Thursday, April 8, 2010

In praise of fresh, flaky, home made croissants

If you enjoy baking, and you enjoy eating croissants, then home made croissants are definitely worth the effort. Here are some I prepared earlier:

This croissant recipe comes from Tamara Milstein's "The House Book of Bread". As Milstein says, croissants are not really difficult to make, but getting the dough perfect takes time - so the first hint is: start making the dough the day before you want to eat your crispy crescents.

I've made this recipe with and without the recommended chilling periods. The chilling substantially increases the flakiness, but the un-chilled version is still delicious, and much quicker to make ... just not very flaky ... which probably defeats the whole purpose of croissants.

For any experienced bread bakers reading this: the recipe below is basically a slightly sweet, milky bread dough, laminated with layers of butter. If you have your own favourite bread dough recipe, you might prefer to use that instead (for example, I've seen croissant recipes that are based on mulitgrain dough, and sour dough).

INGREDIENTS (makes 8 croissants)

400g (2 2/3 cups) bread flour
30g (1 rounded Tbspn) brown sugar
2 tspn instant yeast
1/2 cup milk
1/2 cup hot water
170g butter for laminating


Here are the basic steps, which I'll expand below:

1) Make dough as for bread
2) CHILL dough in fridge for 2 hours
3) LAMINATE dough with half of butter
4) Repeat step 2 -> CHILL
5) Repeat step 3 -> LAMINATE
6) Repeat step 2 -> CHILL
7) Form croissants
8) Allow croissants to rise for about an hour
9) Glaze croissants with milk
10) Bake for about 10 minutes at 220C (425F)

1) To make the dough: combine and knead first 5 ingredients. (If any bread-making beginners happen to be reading this, feel free to ask if you need help with making basic bread dough).

2), 4), 6) CHILL:
Allow the dough to chill in the fridge for 2 hours or longer (or cheat like I do and put it in the freezer for a shorter time). The idea is to keep the dough nice and cold so that it doesn't melt the butter, but you don't want the dough to dry out or become un-rollable, so keep it covered, and don't let it freeze solid.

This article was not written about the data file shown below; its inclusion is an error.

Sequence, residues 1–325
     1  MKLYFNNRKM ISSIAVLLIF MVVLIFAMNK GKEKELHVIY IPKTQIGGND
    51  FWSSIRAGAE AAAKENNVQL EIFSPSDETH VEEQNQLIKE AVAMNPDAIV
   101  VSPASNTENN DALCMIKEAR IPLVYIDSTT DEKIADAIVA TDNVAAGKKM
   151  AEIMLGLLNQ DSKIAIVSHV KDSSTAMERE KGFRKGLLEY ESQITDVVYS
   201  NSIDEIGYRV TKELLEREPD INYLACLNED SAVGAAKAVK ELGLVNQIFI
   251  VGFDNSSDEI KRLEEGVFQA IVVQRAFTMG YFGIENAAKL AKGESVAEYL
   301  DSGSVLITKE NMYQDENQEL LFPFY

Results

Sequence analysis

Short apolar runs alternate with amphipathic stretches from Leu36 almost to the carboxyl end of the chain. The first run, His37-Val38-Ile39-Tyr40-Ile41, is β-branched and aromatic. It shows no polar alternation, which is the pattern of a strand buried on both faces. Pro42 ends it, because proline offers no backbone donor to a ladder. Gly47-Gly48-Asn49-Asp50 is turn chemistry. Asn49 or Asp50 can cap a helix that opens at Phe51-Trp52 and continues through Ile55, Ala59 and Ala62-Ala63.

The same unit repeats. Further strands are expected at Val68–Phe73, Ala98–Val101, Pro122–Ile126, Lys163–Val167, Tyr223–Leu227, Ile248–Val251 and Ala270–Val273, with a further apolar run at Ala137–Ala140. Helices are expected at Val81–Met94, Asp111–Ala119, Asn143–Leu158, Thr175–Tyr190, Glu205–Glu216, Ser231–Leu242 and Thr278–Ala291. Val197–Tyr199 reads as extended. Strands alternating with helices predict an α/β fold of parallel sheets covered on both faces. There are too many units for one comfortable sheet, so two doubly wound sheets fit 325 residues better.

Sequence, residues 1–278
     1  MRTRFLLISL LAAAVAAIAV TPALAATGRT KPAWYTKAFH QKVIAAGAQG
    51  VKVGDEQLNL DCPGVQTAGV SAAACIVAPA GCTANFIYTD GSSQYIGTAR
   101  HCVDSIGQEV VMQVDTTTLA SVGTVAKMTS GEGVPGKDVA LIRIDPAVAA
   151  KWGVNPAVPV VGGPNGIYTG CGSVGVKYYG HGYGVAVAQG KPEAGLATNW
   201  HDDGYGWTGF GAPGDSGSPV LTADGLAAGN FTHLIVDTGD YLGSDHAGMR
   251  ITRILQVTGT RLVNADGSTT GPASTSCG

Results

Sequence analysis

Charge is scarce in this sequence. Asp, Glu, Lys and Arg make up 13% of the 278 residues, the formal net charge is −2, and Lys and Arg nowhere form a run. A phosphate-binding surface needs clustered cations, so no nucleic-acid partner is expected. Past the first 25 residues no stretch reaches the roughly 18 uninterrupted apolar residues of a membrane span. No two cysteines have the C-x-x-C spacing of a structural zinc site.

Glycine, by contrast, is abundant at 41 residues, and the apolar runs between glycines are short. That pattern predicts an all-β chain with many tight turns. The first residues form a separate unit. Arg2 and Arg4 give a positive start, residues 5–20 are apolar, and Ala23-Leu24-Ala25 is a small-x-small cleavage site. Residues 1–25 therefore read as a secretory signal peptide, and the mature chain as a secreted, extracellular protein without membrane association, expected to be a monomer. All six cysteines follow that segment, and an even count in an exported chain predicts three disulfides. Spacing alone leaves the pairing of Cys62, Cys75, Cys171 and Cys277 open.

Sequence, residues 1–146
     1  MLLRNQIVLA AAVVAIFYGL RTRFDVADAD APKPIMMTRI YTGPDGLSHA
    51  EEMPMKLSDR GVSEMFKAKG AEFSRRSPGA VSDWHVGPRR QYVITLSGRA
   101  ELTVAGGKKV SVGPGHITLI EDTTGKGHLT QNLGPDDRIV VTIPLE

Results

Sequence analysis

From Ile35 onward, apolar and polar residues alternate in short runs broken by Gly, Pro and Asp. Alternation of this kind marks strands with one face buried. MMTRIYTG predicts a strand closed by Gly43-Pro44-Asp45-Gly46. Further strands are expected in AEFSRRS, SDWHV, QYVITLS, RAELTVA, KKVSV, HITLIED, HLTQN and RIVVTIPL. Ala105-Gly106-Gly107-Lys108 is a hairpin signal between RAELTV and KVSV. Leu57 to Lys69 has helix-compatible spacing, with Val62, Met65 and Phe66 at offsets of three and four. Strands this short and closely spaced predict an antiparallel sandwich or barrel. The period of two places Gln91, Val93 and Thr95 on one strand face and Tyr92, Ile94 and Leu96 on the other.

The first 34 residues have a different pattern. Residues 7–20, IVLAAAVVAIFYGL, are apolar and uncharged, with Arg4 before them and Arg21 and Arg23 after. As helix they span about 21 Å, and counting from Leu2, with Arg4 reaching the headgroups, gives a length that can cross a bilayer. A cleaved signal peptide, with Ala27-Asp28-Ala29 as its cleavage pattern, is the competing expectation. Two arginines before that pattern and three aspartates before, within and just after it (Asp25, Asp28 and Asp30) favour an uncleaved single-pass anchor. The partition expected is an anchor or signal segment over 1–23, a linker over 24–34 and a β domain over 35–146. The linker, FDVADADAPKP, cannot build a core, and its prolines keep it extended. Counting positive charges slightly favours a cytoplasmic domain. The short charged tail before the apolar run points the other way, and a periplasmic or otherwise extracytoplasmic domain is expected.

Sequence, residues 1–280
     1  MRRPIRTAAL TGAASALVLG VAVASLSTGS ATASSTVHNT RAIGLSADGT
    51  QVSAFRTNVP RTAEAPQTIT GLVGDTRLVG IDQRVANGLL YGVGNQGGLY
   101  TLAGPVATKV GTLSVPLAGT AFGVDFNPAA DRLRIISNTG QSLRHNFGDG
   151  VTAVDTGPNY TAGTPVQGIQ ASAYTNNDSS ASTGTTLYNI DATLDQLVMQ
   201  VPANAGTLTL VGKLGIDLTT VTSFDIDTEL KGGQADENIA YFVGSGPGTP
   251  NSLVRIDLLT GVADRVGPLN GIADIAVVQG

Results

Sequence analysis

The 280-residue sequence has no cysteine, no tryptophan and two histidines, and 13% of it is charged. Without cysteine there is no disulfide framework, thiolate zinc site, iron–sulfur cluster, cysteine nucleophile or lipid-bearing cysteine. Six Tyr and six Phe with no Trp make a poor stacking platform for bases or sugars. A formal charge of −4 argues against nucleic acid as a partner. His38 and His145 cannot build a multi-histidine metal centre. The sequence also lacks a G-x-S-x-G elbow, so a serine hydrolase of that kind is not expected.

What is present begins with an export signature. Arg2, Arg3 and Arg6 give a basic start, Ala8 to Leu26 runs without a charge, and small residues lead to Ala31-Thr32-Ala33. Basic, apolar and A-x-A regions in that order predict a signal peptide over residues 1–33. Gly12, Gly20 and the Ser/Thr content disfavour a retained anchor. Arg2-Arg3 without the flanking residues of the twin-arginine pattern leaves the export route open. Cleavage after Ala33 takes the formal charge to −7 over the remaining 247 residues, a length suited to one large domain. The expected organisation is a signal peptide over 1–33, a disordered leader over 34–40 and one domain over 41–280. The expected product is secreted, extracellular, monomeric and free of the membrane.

3), 5) LAMINATE:
The idea with lamination is to get thin, alternating layers of dough and butter happening.
So: take the chilled dough, and roll it into a rectangle roughly 45cm x 20cm.
Cover two-thirds of the rectangle with half of the butter. (Milstein suggests slicing the butter very thinly with a vegetable peeler. I just ended up with melted butter all over my hands when I tried that, so instead I spread softened butter over the dough, and that worked fine - although I suspect the pastry purists would disapprove).
Fold the top (un-buttered) third of dough down onto the middle (buttered) third; then fold the bottom (buttered) third of dough up onto the folded-down third. (You should now have a square-ish bundle of alternating dough and butter layers).
If your dough and butter is still chilled, roll the bundle into a rectangle once again, and fold the dough into thirds again (without adding any more butter at this stage). If you used soft butter to laminate the dough, then return the lot to the fridge for its chilling period prior to rolling. (And if these instructions are completely incomprehensible, give me a shout and I'll put together an illustrated version ... or something).

Roll the thoroughly chilled and laminated dough into a rectangle roughly 60cm x 25cm (it should be about 5mm thick).
Slice the dough into four 15cm x 25cm strips.
Slice each strip in half diagonally, so that you get eight long triangles.
Firmly roll each triangle up, starting at the base.
Bend each roll into a crescent shape, and place them onto a baking tray.

I glaze the croissants immediately after step 7 by rolling them in a shallow bowl of cold milk. This works well for a cheat like me, but every recipe I've seen says to let the croissants rise for about an hour, and then brush with milk shortly before baking.

10) BAKE
Milstein's recipe says to bake the croissants for 10 minutes at 240C (465F), but my first batch burnt on the bottoms within 7 minutes at that temperature.
With our oven, I've found that 10 minutes at 220C (425F) works perfectly.


  1. That looks wonderful, and I even understand the steps!! I just had dinner but I still feel hungry now that I'm reading your recipe :P Damn. I know what I'll be dreaming about tonight.

  2. I can thoroughly recommend this recipe. The results were really good with raspberry jam and a cut of tea!

  3. That was delicious!!!!! I didn't have white flour so used the wholemeal I had, but they were still delicious! Now I have to make them again on Sunday for friends...